Sometimes pitchers blossom late like this ex-Oriole did

It was on July 31, 2018 when the Atlanta Braves acquired right-hander Kevin Gausman from the Orioles in a six-player deadline-beating trade that also brought the Orioles international bonus money. The faltering Birds were headed into full-on rebuild mode and their top pick from 2012 (No. 4 overall in that draft) was heading out the door.

Just over a year later - on Aug. 5, 2019 - the Braves waived Gausman after he had gone 3-7 with a 6.19 ERA that year. He was 28 and his career was trending in the wrong direction. The pitcher that had failed as an Oriole to develop a dependable third pitch was still in that same boat.

But fast-forward to today and Gausman is about to cash in as a free agent for the third time. Of course, the first time he became a free agent was via being non-tendered. The Cincinnati Reds picked him up from Atlanta on waivers in late 2019 and he had pitched much better with the Reds that year than with Atlanta, although it was mostly out of the bullpen. He went 0-2 but with a 4.03 ERA and 11.7 strikeout rate. Still, with a projected arbitration price tag of $10.6 million, the Reds non-tendered him.

Some clubs felt he may have saved his career by pitching well out of the bullpen and saw him as a late-inning, multi-inning weapon. The San Francisco Giants saw him and saw more. They still saw a starting pitcher. They signed him to a one-year deal for $9 million (which was quite surprising to many at that time) and he went 3-3 with a 3.62 ERA and 1.106 WHIP in 12 games during the shortened 2020 season.

The Giants saw enough to want him back. Boy, did they. Gausman accepted their qualifying offer of $18.9 million for the 2021 season and then delivered big for the majors' winningest team, a club that went 107-55 to take the National League West ahead of the Los Angeles Dodgers.

Gausman went 14-6 with a 2.81 ERA in 33 starts with a WHIP of 1.042. He made his first All-Star team and no doubt will get plenty of Cy Young votes. Over a span of about 18 months, he was traded, waived, traded and non-tendered. Now add thriving to that list.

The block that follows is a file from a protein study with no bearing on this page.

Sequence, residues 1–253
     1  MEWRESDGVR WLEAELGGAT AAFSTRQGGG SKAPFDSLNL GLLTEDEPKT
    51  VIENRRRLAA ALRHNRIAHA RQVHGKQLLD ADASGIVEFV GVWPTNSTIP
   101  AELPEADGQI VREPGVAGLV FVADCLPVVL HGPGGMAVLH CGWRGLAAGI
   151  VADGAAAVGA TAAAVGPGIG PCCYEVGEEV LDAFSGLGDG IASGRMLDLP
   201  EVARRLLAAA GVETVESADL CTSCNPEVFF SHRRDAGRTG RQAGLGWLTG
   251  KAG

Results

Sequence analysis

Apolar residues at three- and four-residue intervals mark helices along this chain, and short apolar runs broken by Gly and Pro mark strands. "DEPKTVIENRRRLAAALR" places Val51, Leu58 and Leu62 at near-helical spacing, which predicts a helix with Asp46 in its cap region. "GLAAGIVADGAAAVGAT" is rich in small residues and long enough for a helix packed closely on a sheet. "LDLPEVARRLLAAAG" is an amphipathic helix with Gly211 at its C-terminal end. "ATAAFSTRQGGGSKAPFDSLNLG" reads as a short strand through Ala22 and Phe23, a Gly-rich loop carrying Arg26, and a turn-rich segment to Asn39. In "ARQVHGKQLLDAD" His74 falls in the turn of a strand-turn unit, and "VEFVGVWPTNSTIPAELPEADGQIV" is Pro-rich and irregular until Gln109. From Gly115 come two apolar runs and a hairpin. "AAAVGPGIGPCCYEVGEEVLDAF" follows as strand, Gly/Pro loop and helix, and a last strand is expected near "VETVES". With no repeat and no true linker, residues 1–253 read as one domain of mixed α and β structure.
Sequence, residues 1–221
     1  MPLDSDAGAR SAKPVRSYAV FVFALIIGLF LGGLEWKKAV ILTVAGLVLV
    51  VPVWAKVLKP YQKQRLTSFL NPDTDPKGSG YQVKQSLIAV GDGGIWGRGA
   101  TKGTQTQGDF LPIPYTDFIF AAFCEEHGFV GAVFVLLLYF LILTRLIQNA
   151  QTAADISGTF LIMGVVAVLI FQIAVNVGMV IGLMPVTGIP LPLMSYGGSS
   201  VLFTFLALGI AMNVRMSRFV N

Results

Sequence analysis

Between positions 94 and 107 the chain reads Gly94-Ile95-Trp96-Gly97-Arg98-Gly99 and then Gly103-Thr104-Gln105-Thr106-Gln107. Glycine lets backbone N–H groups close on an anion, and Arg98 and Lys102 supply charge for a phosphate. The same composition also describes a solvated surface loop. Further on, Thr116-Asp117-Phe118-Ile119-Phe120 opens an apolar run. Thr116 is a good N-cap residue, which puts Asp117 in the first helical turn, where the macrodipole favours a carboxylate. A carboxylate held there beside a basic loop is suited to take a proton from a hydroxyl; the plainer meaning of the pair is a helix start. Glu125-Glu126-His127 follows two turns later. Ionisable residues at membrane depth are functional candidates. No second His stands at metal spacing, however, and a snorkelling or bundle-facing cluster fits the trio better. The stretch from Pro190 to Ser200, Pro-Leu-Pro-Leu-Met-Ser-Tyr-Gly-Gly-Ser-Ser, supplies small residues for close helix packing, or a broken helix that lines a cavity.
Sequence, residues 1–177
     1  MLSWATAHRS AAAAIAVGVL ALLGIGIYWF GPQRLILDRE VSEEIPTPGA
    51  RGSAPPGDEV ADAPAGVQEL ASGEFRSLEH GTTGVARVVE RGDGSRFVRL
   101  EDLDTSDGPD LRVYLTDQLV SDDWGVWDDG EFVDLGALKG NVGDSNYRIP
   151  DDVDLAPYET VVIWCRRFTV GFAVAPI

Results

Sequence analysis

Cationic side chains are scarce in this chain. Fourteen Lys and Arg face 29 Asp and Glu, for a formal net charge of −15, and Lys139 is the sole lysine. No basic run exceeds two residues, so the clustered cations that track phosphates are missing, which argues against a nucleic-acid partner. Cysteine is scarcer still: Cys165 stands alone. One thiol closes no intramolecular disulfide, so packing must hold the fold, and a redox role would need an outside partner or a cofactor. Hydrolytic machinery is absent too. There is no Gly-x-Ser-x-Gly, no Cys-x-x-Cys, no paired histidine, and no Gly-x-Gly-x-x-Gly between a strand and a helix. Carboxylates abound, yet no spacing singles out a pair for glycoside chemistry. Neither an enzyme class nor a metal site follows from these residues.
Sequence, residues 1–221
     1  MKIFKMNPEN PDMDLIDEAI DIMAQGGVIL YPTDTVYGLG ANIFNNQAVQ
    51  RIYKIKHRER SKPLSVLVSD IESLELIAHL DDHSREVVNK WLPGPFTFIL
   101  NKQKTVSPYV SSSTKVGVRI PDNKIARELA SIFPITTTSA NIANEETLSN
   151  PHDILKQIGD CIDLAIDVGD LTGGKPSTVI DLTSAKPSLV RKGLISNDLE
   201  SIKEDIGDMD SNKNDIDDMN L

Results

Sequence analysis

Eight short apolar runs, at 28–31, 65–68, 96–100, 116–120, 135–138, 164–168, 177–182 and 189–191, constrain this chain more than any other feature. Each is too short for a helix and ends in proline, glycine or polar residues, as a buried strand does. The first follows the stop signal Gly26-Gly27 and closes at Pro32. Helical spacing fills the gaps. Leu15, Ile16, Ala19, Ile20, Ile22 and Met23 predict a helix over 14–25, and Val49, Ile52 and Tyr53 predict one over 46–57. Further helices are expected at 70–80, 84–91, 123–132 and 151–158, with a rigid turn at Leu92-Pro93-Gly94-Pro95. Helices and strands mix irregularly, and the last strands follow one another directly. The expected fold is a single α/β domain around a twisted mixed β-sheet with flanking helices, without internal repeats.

Now he is considered one of the best starters on one of the best teams.

How did this happen?

Thumbnail image for Gausman-Orange-Toronto-Sidebar.jpgWith the Orioles between 2013-18, he went 39-51 with an ERA of 4.22 and a WHIP of 1.350. His ERA+ of 100 was exactly league average over his 150 games in the Orioles' orange and black. But in the Giants' orange and black, his ERA+ is 138 in 45 games. Now there is talk of the Giants pushing hard to keep Gausman and sign him as a free agent for the third time, this time to a multi-year deal.

No doubt he is very open to that since he blossomed with that team.

Whether it is the experience he has gained over many years that finally kicked in, whether he just clicks with the Giants coaches, he pitches well with a good team behind him or he found the right pitch mix, or a combo of all of the above, Gausman has never been better.

Sometimes players do take flight and/or break out later.

He is the ace the Orioles hoped they drafted, just not for them. Or at least he pitched like an ace in 2021. Can he do it again? The Giants seem to think so and want to see him do it in their uniform. But now he's going to cash in more than he ever has, and this is a pitcher that has earned $27.9 million over the last two years.

Gausman's best year with the Orioles was in 2016, when he had a 3.61 ERA in 30 starts. That year, he threw his fastball 66 percent of the time and used his splitter 17 percent and slider 13 percent.

Now he has almost scrapped the slider he never really could develop. In '21, he used his fastball 53 percent, his splitter 37 percent and his slider just 5.6 percent.

Gausman now uses his splitter to get ahead of hitters and also to put them away. Many pitchers break out the pitch only as a putaway. Gausman has used it this year as a get-me-over or get-ahead pitch. He throws it both to land within the strike zone and also throws it to get strike-to-ball chase by the hitters.

There are probably many reasons Gausman has finally delivered like the No. 4 overall pick he was. But basically giving up on his slider and going all-in heavy on the split has to be near the top of the list.

All of this is yet another example that some pitchers just blossom later. Sometimes years later. Sometimes several teams later. Sometimes a few trades and waiver deals later. Raise your hand if you saw the Gausman that pitched all those games in Baltimore producing numbers like he did in the '21 season? My hand is down, by the way.

How does this relate to the Orioles?

In an obvious way, that he once was an Oriole. But in another way to serve as a reminder that pitchers (and even position players) can blossom later in their careers. Former O's skipper Buck Showalter talked about those players who produced their best years between 28 and 32. Gausman is proving to be one such player.

He's made pretty big money the last two years and now even more is about to come his way.

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